How Key Fox Execs Could Fit With Disney's New Deal
The success of the pending marriage depends on how well the management teams can integrate.
Walt Disney’s $52.4 billion acquisition of large parts of 21st Century Fox will create a Hollywood behemoth without equal under the leadership of chairman and CEO Bob Iger, who extended his contract through 2021.
But others may not have similar job security. Disney is promising the deal will reap $2 billion in cost savings, and observers expect much of that to come through job losses, be they in the form of layoffs, attrition or buy-outs.
Multiple town hall meetings on Dec. 14, the day the megadeal was announced, featured various division leaders at Disney and Fox taking questions from nervous employees worried for their futures. “No one believes assurances from management that our jobs are safe, and the assurances we were given were half-hearted at best,” said one Fox employee on the condition of anonymity.
Indeed, in a letter to employees signed by Fox CEO James Murdoch, along with co-executive chairmen Rupert and Lachlan Murdoch, a few sentences were interpreted as an acknowledgment that headcount would be slashed: “We are deeply committed to finding opportunities for our people as well as ensuring that anyone impacted is well taken care of,” read the letter, a copy of which made its way into a regulatory filing.
Despite job concerns among rank-and-file employees, the hook-up has the elements of a fairytale wedding for Disney, which will acquire film franchises like Avatar, Fantastic Four and X-Men, along with cable TV networks Nat Geo and FX. The success of the marriage, though, depends on how well the management teams can integrate.
Here’s how some key Fox executives could fit into the Disney structure:
James Murdoch, CEO:
While dad Rupert and brother Lachlan are expected to focus on the remaining Fox assets, and possibly take them private, James is understood to be looking for a top Disney executive post. Given his expertise in international TV and knowledge of European pay TV giant Sky and Indian TV powerhouse Star India, analysts have suggested he could take on an international role. The main question here is how he’d mesh with Walt Disney International chairman Andy Bird, who reports directly to Iger, and whether Murdoch would be open to such a role after being CEO.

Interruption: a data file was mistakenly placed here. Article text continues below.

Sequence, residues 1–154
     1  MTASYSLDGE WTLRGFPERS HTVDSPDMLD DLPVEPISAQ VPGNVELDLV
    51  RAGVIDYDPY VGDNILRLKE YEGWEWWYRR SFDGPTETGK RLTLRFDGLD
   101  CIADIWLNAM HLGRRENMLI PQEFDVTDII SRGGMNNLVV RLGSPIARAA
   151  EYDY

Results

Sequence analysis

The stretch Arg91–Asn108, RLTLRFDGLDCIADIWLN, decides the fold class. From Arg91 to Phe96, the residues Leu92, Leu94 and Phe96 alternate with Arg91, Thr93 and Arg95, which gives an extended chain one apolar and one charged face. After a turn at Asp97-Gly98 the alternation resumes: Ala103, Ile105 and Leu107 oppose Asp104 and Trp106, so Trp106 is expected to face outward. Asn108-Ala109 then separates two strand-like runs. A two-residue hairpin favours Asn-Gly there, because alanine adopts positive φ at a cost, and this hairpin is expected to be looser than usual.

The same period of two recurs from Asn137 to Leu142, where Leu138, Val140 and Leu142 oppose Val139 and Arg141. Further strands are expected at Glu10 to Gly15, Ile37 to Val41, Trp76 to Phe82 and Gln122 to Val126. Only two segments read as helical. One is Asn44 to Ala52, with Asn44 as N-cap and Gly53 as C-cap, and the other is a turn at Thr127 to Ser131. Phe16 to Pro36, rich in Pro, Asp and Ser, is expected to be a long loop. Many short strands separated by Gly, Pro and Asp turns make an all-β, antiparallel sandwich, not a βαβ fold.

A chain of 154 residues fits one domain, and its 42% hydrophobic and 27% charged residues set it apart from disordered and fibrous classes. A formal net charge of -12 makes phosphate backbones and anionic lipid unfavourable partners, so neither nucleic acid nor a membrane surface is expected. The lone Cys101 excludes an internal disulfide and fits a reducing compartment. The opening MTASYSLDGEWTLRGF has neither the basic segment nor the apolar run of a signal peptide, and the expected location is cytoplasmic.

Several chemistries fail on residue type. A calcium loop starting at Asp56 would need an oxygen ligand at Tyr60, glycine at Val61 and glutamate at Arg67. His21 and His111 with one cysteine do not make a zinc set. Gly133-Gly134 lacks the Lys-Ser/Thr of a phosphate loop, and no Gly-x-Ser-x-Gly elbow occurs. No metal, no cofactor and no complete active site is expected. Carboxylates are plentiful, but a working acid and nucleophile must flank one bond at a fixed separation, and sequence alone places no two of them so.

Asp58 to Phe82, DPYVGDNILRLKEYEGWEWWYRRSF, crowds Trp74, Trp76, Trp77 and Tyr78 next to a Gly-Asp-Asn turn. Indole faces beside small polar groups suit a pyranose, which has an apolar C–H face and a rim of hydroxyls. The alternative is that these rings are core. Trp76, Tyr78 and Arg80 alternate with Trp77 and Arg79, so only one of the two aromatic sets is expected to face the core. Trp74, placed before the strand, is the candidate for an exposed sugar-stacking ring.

“James and I will be talking over the next number of months,” Iger said Dec. 14. “He’s going to be integral to the integration process, and he and I will be discussing whether there is a role for him or not at our company.”
Whatever Murdoch’s title (if he gets one), the expectation is that he’d have four years to work his way into serious consideration as Iger’s successor. “We think this would be positive for Disney,” says Pivotal Research Group analyst Brian Wieser. “Such an appointment would not be without concerns given the harassment issues that emerged at Fox News and the hacking scandal in the U.K., which both emerged under his watch; however, we think that it is unlikely any CEO candidate would emerge without some shortcomings.”
Alternatively, those close to Murdoch say he is considering launching a new entrepreneurial venture, maybe with Disney’s backing, given that the three Murdochs are set to receive nearly 88 million Disney shares, making them the company’s largest individual shareholders.
Peter Rice, 21st Century Fox president, and chairman and CEO, Fox Networks Group:
Rice is in charge of Fox networks but also has past film experience as a former president of Fox Searchlight Pictures and Fox Atomic. An executive search expert said that such broad experience gives him a good shot at getting a significant role at Disney, possibly even one that could position him, too, as a contender for the Disney CEO role after Iger retires.
Stacey Snider, chairman and CEO, Twentieth Century Fox Film:
Alan Horn is a veteran in charge of Walt Disney Studios but he turns 75 early in 2018. Snider’s previous work running Universal and DreamWorks, along with her work at Fox, could position her as an immediate or mid-term successor to Horn. Some analysts, though, suggest Disney is comfortable letting Snider operate Fox as a separate studio until she proves herself worthy of larger role. “The case for sticking with Fox studio management is that Disney has traditionally been inclined to allow acquired managers to continue on, as in Pixar, Lucasfilm etc,” says Vogel Capital Management CEO and former industry analyst Hal Vogel.
Dana Walden and Gary Newman, co-chairs and CEOs, Fox Television Group:
With Disney buying the TV studio operation, one part of the business the duo oversees will go to the enlarged entertainment giant while the other, the Fox broadcast network, is staying with the remaining company, raising questions about where the executives will end up. One Wall Street observer suggested the Fox TV studio business would be folded into ABC Studios, led by president Patrick Moran, so there may be no need for more unit heads. And Walden has in the past been tipped for roles at peers, including Amazon Studios.
John Landgraf, CEO, FX Networks:
His talent relationships and success in making FX a destination of popular shows, coupled with Disney’s interest in original content for its planned streaming service that will be akin to Netflix, has observers expecting he’ll remain with the company. But edgy FX shows like Sons of Anarchy and American Horror Story do not target Disney’s typical demographic, with the Parents Television Council already criticizing the impending deal because it doesn’t like the idea of family-friendly Disney giving its seal of approval to FX.